I know. Sustainability and self-reliance sounds so huge, doesn’t it? But don’t worry. I’m not here to insist that you get sheep and start spinning your own wool to knit a sweater that will keep you warm as you bike to work, stopping to harvest wild greens on the way.
Self-reliance at home
The whole idea behind Attainable Sustainable it that sustainability at some level is within our reach.
Sure, we’ll all still have to buy things at the grocery store. And maybe some aspects of living a more self-reliant lifestyle just aren’t your cup of tea. But look around your home or your office. There’s so much room for improvement. And that’s what brought me here.
I’m still on the path toward better self-reliance myself, but I’ve been on that path long enough that I’ve got knowledge to share.
I’ve had so many people ask me lately how to plant a garden. Or how to make jelly, compost, or raise chickens. Because I’ve been doing these things for most of my adult life, it’s easy for me to share that knowledge.
On the other hand, there are plenty of things I’ve yet to tackle.
This site is here because of a conversation I had with one friend about making a more self-sufficient life doable. The idea of foregoing the convenience of modern America and embracing a do-it-yourself attitude is a daunting one for many people. But mostly? It’s about a change in attitude and breaking habits.
In a world where soup comes in a can, pudding from a box, and bread from a bag it’s easy to forget that just a few decades ago those items were made at home from scratch – maybe even from foods grown right outside the door.
Many of those do-it-yourself, make-it-from scratch skills have skipped a generation or two. If you weren’t raised with that knowledge or have very little experience in living a self-sufficient life, how do you get started?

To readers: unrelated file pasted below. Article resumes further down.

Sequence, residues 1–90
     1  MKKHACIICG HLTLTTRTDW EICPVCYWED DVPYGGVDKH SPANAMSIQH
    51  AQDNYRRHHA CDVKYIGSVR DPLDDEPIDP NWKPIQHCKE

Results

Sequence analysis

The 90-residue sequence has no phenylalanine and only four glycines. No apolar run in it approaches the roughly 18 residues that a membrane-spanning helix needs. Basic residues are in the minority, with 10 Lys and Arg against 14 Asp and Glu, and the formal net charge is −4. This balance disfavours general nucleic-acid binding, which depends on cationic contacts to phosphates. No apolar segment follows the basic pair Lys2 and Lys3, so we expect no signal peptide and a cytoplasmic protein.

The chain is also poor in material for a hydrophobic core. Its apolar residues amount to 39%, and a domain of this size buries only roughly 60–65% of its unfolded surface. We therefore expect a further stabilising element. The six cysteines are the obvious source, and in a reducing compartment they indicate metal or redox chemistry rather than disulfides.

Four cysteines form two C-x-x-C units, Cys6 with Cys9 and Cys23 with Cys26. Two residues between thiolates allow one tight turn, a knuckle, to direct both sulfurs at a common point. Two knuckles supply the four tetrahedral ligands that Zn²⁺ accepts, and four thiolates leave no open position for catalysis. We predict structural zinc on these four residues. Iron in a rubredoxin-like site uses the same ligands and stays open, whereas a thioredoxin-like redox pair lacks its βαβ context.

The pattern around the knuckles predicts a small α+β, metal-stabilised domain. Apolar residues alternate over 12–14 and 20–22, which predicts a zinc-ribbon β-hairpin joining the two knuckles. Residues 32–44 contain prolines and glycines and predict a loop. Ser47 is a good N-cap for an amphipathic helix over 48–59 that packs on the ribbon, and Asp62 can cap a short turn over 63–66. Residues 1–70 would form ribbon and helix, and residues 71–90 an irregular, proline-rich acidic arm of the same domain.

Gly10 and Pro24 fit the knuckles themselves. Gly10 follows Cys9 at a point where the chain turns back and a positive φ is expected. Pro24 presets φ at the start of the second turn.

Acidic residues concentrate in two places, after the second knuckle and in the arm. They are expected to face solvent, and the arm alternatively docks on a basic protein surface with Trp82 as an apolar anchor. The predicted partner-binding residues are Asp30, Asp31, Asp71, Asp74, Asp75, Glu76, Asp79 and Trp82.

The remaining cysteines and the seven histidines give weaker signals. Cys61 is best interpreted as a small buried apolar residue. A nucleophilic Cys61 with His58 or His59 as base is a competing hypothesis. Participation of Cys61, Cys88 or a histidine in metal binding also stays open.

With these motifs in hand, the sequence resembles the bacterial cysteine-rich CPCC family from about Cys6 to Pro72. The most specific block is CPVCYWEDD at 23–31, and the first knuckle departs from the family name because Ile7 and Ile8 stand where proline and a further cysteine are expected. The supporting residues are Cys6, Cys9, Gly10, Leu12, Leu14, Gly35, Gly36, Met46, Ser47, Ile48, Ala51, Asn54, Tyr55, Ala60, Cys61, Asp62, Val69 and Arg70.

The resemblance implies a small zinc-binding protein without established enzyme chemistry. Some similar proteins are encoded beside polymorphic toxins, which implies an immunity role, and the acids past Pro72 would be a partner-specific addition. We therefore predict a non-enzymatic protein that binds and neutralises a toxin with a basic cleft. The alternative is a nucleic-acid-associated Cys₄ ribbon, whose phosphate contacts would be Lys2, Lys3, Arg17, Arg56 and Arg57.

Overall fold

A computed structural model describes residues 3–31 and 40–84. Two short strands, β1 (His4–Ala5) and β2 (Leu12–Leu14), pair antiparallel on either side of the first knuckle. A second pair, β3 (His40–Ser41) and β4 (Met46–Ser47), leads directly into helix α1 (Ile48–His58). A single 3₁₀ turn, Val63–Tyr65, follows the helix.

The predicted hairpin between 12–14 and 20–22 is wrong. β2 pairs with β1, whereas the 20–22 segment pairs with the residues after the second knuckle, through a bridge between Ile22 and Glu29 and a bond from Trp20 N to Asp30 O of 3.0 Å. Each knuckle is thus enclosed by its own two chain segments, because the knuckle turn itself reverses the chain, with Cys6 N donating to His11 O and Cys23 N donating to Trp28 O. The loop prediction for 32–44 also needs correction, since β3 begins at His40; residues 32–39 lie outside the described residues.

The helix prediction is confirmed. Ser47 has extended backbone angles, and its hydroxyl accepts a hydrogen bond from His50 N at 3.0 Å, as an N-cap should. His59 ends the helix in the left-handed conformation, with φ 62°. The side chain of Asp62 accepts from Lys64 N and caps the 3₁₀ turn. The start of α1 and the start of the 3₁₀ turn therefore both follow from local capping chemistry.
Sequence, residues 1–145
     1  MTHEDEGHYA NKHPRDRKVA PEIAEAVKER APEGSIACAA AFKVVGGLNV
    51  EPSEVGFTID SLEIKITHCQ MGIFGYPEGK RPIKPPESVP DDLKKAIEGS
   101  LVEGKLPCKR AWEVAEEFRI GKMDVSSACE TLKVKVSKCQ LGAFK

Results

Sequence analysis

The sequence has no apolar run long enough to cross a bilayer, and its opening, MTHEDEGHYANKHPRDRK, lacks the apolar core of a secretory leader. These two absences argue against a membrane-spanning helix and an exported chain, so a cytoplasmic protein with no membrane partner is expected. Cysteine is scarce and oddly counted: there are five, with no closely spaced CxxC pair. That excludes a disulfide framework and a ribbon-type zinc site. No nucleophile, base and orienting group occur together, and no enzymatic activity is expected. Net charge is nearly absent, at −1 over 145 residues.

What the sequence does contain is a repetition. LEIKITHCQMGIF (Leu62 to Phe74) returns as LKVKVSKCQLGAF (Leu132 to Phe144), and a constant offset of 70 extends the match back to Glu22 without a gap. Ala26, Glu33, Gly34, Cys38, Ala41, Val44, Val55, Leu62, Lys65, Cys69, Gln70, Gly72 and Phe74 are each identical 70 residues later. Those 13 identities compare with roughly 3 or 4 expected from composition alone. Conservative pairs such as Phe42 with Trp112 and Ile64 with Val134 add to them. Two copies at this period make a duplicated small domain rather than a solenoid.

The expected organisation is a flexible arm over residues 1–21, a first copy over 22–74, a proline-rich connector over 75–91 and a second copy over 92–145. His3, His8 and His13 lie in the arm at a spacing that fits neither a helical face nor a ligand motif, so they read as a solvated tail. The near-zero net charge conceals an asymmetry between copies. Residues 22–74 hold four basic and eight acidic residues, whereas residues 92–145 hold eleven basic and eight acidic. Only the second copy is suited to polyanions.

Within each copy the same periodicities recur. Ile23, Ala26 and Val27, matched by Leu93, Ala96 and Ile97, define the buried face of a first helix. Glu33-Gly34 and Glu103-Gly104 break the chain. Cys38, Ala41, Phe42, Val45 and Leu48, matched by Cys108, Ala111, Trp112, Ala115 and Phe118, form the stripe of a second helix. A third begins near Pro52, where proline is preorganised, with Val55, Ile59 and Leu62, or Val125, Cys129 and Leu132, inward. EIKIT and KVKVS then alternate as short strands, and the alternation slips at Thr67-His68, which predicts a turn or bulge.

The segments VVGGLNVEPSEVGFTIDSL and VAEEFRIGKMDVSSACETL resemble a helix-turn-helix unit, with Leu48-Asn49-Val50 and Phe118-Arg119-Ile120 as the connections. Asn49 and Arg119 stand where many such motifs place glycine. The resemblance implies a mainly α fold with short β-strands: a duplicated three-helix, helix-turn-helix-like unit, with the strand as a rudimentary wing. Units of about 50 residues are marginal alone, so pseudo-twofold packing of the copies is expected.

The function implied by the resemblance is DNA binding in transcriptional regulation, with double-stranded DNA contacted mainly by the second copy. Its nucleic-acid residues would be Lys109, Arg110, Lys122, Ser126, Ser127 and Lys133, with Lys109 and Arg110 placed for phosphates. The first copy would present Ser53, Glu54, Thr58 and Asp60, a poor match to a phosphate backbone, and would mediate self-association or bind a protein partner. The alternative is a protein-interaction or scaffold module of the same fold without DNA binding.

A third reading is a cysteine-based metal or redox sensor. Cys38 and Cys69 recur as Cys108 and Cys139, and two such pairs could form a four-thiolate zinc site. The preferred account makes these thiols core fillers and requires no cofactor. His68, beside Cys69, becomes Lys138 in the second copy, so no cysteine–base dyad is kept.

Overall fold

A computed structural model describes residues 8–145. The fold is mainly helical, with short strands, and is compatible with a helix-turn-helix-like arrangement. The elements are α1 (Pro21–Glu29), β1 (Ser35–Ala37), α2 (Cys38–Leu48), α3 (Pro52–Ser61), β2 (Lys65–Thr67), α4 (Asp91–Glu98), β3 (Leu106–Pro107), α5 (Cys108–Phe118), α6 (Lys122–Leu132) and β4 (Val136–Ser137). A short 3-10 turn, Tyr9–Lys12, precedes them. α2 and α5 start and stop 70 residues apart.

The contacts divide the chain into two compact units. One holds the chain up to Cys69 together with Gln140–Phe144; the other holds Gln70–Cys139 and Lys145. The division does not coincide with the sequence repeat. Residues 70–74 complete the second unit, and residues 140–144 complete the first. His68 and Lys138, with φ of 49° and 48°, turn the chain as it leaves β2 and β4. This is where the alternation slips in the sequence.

One step at a time
Here’s the ticket: if you make one small change each day to move your family toward being more sustainable and self-sufficient, you will get there. You might not ever plant a garden. But if you can figure out an alternative source for locally grown fruits and vegetables, you’ll support a farmer and eliminate an awful lot of the waste and fuel emissions that come with supermarket produce.
You might not ever install a water catchment system, but maybe you’ll become more aware of your water usage and learn to conserve.
This is one of those areas in which every little effort you make is worth it.
Kris, the author
I’ve been a freelance writer for more than a dozen years and have authored several books.
I launched Attainable Sustainable in 2011 to answer the question: What if we could tackle one little actionable step each day to start working toward a more self-reliant lifestyle?
While I shared plenty of information here on the site (and learned ALL THE THINGS about blogging), I’m happy to report that there’s an Attainable Sustainable book out, now, too, published by the folks at National Geographic Books.
Kris, the gardener and chicken wrangler
I grew up in Northern California. While I usually say “on an apple farm,” if I’m honest it was a bit more eclectic than that. Yes, we grew, harvested, and packed apples.
But depending on the year and my dad’s latest wild idea, we also raised chickens for eggs, planted acres of tomatoes, had a pumpkin patch, raised and butchered pigs and a cow, produced apple juice on a commercial level, and started a Christmas tree farm. The only thing that really ever stuck though, was the annual vegetable garden where I learned to grow my own fruits and vegetables from a young age.
I’ve been a home canner for decades and am a certified Master Food Preserver, which means that the canning recipes you find on this site are made using safe processing techniques.
“Hawai‘i!” you might be thinking. “It must be nice to live where everything just grows as if by magic!” I hate to be the one to break it to you, but that’s not exactly so. Yes, tropical fruit is easy and we are having great luck with bananas. But I can’t grow a zucchini to save my life.
We’re currently focusing on building our soil so maybe someday I can once again grow a vegetable larger than my leg. My flock of chickens thrives here, as do a couple of ducks. We have very few predators and year round green grass which means what I can’t produce in vegetables is made up in spades with fresh eggs.
I’m glad you found your way here!
Updated in 2021.